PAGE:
The powerful Indonesian Bakrie family said Friday it would start the process of divorcing from London-listed miner Bumi Plc after winning a crucial shareholder vote over bitter rival Nathaniel Rothschild.
Shareholders shot down a proposal by Rothschild to regain control of the firm in an extraordinary meeting Thursday in London, allowing the Bakries to follow through with their plan to exit the firm and keep their lucrative coal assets.
The Bakries and British financier Rothschild have been embroiled in a bitter fight for control of Bumi since soon after they set up the company in 2011.
The row has highlighted on the pitfalls of doing business in the Asian nation, which has long battled corruption and where questions over corporate governance have often been raised by foreign firms.
Rothschild had been hoping to replace 12 of the firm’s 14 board members — and include himself in the new line-up — saying he had concerns about the way the family was running the business.
However, after winning the vote the Bakrie Group said it was “delighted” that the shareholders showed support for the current board, which last week agreed to allow the Bakries’ to divorce Bumi and buy its stake in Bumi Resources, the firm’s crown jewel and Indonesia’s largest thermal coal producer.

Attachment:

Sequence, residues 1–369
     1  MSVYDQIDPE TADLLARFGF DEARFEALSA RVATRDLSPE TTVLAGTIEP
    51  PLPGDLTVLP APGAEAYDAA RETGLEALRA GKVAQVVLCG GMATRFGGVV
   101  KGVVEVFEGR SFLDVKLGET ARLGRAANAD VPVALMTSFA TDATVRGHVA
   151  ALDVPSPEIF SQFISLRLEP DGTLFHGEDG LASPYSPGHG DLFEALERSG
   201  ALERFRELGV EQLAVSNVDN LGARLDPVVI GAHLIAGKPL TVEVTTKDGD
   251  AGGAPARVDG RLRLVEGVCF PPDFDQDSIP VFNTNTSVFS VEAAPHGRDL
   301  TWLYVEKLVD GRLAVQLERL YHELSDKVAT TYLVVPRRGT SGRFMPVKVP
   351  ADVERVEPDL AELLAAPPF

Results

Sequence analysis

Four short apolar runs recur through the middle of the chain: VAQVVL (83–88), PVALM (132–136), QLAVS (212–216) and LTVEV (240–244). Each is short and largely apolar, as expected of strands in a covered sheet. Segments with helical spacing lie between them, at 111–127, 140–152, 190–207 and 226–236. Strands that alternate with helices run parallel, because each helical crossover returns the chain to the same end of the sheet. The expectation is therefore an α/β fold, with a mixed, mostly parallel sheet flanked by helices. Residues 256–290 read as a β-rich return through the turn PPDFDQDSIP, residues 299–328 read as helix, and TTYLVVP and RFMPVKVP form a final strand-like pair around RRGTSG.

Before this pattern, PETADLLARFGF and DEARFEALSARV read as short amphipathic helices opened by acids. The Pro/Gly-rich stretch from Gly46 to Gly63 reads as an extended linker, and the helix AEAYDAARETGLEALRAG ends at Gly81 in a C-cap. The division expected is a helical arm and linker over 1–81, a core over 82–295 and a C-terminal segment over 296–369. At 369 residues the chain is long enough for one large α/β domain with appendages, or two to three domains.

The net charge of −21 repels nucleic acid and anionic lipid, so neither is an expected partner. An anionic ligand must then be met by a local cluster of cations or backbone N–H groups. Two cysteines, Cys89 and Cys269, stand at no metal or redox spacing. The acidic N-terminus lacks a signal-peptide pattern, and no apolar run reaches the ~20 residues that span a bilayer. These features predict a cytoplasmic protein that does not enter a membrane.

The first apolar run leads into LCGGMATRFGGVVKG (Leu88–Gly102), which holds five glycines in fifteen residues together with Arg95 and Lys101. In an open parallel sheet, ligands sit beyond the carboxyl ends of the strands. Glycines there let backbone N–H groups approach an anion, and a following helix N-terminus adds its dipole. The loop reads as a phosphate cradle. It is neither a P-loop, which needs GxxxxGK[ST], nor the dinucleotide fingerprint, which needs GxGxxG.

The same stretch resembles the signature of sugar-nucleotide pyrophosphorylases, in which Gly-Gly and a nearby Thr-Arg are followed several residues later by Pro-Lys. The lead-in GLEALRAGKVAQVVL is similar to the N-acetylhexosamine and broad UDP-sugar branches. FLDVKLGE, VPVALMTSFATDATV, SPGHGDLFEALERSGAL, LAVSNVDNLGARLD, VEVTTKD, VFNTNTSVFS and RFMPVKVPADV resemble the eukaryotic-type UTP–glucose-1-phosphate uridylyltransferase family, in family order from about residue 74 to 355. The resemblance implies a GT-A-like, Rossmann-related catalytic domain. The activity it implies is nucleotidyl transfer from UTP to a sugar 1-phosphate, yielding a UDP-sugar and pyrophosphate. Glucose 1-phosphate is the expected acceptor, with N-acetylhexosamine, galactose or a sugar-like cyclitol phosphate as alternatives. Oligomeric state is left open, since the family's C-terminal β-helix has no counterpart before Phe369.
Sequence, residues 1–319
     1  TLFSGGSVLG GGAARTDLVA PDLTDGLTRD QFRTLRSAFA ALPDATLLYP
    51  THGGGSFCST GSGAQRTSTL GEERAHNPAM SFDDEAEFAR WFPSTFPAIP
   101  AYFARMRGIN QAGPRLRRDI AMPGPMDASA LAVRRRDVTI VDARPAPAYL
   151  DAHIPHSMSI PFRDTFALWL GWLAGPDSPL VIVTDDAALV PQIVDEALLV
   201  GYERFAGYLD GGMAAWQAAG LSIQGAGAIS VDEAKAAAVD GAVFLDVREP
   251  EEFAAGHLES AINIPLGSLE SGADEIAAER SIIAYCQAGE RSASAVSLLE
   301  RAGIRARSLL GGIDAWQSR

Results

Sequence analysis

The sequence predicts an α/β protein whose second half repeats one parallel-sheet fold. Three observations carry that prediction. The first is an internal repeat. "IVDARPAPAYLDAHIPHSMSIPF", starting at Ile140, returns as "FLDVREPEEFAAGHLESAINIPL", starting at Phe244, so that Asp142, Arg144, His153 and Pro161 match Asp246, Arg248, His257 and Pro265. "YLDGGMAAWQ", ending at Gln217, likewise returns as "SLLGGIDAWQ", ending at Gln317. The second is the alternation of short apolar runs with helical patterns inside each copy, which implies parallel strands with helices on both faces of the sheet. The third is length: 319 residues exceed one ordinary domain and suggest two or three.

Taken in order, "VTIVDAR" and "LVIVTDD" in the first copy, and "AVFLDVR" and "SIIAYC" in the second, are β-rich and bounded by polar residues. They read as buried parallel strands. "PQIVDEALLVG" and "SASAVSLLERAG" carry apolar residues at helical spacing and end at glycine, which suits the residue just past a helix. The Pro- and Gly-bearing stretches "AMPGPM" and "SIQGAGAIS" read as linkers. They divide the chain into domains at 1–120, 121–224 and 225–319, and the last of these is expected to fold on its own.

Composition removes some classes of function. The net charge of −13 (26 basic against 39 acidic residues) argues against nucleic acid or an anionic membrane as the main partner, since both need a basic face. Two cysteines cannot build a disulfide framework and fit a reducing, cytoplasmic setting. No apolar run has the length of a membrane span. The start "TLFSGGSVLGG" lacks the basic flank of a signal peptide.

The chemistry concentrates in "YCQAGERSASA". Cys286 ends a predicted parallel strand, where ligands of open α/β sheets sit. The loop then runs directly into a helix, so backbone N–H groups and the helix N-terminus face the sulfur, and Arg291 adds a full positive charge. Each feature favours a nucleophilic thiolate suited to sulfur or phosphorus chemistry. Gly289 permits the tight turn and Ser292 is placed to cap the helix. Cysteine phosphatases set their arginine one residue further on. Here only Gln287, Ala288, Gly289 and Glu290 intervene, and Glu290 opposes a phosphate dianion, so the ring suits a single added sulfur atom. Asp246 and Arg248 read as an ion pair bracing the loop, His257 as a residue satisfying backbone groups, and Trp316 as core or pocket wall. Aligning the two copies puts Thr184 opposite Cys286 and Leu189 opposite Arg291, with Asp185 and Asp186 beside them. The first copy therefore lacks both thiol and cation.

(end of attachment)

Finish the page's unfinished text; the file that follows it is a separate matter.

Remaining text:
The Bakries now need shareholder approval to finalize their exit plan, which is expected to be a formality.
“We will restart the unwinding process today, and expect a resolution delivered to shareholders for approval as soon as possible,” Bakrie Group spokesman Chris Fong told AFP.
“We do hope Mr Rothschild accepts this, so all stakeholders can be in unison as we head towards a final and acceptable resolution.”
The board said it would now move on the plan by the Bakries to divorce Bumi by returning their 23.8 percent stake in the firm in exchange for a 10.3 percent stake in Bumi Resources.
The family then plans to buy the London-based firm’s remaining 18.9 percent stake in Bumi Resources for $278 million.
The Bakries are one of the most influential families in Indonesia and its patriarch, Aburizal Bakrie, is preparing a run for president in elections due to take place next year.
Rothschild was in March of last year ousted as Bumi co-chairman and resigned from the board in October amid an ongoing spat with the Bakries.
However, the banking scion looks set to continue the fight and push for corporate governance in Bumi, saying in a statement by his NR Investments that he had “grave misgivings over the influence” of the Bakries and their allies.
He added that while “the current board may claim a pyrrhic victory”, independent shareholders were still demanding “new leadership and management, an end to looting and corruption at Bumi”.
Rothschild has repeatedly accused financial irregularities at Bumi Resources.